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Lethbridge Herald Newspaper Archives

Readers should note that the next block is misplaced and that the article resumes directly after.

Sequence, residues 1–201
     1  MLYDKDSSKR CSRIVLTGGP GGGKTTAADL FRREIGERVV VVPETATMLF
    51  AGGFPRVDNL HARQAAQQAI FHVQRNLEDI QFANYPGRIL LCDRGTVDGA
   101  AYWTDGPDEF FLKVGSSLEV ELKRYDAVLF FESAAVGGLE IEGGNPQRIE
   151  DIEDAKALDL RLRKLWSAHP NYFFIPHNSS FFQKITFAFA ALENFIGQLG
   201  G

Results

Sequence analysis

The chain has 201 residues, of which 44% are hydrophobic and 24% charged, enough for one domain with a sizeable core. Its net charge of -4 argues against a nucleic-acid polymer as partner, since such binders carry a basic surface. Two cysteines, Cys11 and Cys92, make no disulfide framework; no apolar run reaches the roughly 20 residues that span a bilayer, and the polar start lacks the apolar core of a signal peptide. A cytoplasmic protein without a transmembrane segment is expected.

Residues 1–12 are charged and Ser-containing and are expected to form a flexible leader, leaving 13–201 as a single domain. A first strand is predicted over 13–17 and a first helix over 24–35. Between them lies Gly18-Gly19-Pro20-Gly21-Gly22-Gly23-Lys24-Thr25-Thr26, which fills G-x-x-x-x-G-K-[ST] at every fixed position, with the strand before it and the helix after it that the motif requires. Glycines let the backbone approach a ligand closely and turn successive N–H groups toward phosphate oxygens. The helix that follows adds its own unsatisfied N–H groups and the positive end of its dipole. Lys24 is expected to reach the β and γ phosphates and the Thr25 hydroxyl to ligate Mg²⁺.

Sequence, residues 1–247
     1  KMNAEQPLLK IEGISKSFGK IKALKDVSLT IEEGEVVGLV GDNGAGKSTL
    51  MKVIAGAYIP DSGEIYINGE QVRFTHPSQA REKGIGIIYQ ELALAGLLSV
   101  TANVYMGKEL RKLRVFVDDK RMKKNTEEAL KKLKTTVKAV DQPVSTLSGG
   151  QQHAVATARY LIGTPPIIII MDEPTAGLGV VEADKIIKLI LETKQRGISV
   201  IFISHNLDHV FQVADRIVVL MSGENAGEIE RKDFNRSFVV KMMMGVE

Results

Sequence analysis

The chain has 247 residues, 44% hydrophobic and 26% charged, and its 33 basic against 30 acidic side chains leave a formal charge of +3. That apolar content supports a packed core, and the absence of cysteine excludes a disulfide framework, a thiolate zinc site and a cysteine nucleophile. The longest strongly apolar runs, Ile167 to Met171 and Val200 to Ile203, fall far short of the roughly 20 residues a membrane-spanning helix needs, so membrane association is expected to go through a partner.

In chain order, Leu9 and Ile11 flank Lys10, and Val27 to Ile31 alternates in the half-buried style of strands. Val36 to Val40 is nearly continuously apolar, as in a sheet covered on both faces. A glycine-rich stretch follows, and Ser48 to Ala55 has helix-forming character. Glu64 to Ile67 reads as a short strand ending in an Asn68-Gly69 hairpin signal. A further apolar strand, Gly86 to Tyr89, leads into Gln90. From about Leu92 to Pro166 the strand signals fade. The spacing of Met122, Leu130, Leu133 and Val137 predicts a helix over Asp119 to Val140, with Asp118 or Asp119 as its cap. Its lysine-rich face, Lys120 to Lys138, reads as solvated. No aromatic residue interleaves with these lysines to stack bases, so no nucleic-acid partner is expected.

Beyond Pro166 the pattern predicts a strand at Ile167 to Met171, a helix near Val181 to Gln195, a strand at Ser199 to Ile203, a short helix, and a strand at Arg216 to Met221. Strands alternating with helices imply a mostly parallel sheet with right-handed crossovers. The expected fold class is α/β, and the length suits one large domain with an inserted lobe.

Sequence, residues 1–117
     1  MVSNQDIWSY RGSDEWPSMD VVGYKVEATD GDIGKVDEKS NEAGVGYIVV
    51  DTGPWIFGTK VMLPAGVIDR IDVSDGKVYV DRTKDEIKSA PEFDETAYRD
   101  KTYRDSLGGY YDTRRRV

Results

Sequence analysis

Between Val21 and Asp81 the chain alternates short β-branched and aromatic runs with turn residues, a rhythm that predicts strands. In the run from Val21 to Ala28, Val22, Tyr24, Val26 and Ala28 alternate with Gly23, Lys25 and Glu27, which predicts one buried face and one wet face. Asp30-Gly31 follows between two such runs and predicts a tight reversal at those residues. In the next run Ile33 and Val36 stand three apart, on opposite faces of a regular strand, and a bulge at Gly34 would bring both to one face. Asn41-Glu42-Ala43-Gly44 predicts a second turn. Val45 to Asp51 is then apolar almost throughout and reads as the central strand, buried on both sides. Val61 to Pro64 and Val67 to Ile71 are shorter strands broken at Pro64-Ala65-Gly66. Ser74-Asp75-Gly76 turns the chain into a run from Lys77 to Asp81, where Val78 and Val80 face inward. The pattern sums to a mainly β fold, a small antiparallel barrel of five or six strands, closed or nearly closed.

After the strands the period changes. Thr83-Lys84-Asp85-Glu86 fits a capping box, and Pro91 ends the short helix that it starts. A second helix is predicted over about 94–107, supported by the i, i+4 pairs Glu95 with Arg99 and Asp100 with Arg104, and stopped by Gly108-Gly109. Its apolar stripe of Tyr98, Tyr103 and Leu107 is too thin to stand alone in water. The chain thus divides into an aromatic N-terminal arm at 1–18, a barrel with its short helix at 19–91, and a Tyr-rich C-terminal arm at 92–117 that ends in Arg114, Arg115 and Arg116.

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Lethbridge Herald, The (Newspaper) - April 9, 1974, Lethbridge, Alberta 20 THE LETHBRIDGE HERALD Tuesday, April 9, 1974 The Herald: a 70-year adventure On a cold December day nearly 70 years ago a handful of Lethbndge men and one woman embarked on an adventure The date was Dec 11, 1907 and the adventure was the birth of the Lethbndge Daily Herald It had been only two years since a young and ambitious newspaperman from Ontario had acquired the newly-established Weekly Herald For William Asbury Buchanan it was a step of considerable boldness and courage Lethbndge s population then hovered around the mark and already had a daily morning paper The News But W A Buchanan had faith in himself and the people he worked with He had faith in The Herald But above all he had faith in Lethbndge and Southern Alberta His faith and vision have been amply rewarded The Herald prospered as did kethbridge and the South The News folded in 1913 The growth and prosperity continues Today Lethbndge's population is The city serves a retail trading area of people The Herald's circulation of 300 on that December day in 1907 has burgeoned to But for Buchanan prosperity wasn't enough He believed the South deserved a great newspaper His will and determination and of the people who worked with him made The Lethbndge Herald one of the most respected journals of its size in Canada And along the way of a distinguished career as a civil servant and politician William Buchanan became a giant of Prairie journalism Much has happened since those days Two world wars "the Korean war, the war in Vietnam Man has walked on the moon He has discovered the secret of life Yes, journalism today is as much of an adventure as it was then And the vision and the spirit the marked the long Buchanan era lives on The Herald as well That vision is today exem- plified by the million dollar project that converted The Herald trom hot metal printing that had served it so well for nearly 70 years, to ultra-modern offset complete with new press and machinery that makes it one of the most modern printing plants in Canada The Herald has come a long way from its original former Chinese laundry The weekly Herald was born in the fall of 1905 on Round Street in a little frame shanty that had a various times been a law office and a laundry The edition consisted of four pages The brainchild of two Cranbrook men THE HERALD'S HOME ON SIXTH STREET FOR 53 YEARS William Asbury Buchanan Fred Simpson and A S Bennett the fledgling newspaper adopted the slogan "Watch Lethbndge Grow Not long after its birth, the infant was adopted by William Asbury Buchanan He increased The Herald's activities considerably a drum cylinder press, monolme and a Gordon press was purchased A larger home became necessary The new residence was a warehouse directly behind the old office, facing the lane at the rear of what today is the Dallas Hotel However, that location proved somewhat less than satisfactory the "building was level with the ground and when it rained, the printing office flooded The third move was to a building on bth Street, south of 4th Avenue Shortly alter this move the Knights of Pythias built a brick block adjoining The Herald office and the equipment and staff was transferred to the large modern headquarters There The Herald really grew And on December 11, 1907, it became The Lethbndge Daily Herald The first edition of the daily was a four-page, seven sheet It had a subcription rate of a year by mail or 35 cents a month delivered The circulation was about 300 daily The Herald grew so did its staff and machinery Soon these quarters became cramped and another move was necessary A new building was constructed in 1909 just north of the present Woolworth Building on 6th Street South, but the staff had hardly settled in to its new quarters before an addition was required With several extensions and the construction of another building on its north side, this spot housed the paper until 1952 In May of that year, The Herald moved to its present facilities In the old days news was received by means ot a poiiv telegraphic service supplemented by clipped news In 1907, Buchanan helped establish the Western Associated Press rWAP) This was forerunner of the Canadian Press and was the first co-operative Canadian news gathering agency Buchanan later became a director of CP and its national president in 1945 and 1946 Having become a member ot CP in 1917, a wire service was leased and a telegraph operator was installed in the editorial room In 1929, the telegraph was replaced by a Creed Teleprinter, and since then, the Teletype has been (he main supplv of world news The Herald now has five teletype machines which run day and night These are augmented by a Photofax wirephoto unit which provides instant pictures on important news events from throughout the world In 67 years of publication, the paper has never missed an issue in spite of fire, flood, explosion and power failures It hasn't always been full- sized, and it hasn t always been delivered on the date of publication, but nevertheless, a paper The Herald has come along way since Billy Lamb collected Personals and local tidbits, Rev J E Hughson wrote a weekly column, and Buchanan covered the council meetings, courts, railway stations, sold advertising, kept the1 books and sometimes even set type In 1959, the Buchanan's long association with The Herald came to an end when the paper was sold to FP Publications From a staff of 11 in 1907, the employee list has grown to 129 There are paid correspondents in many towns and villages in Southern Alberta and southeast British Columbia and there are special correspondents in Ottawa, London, York, and Washington ;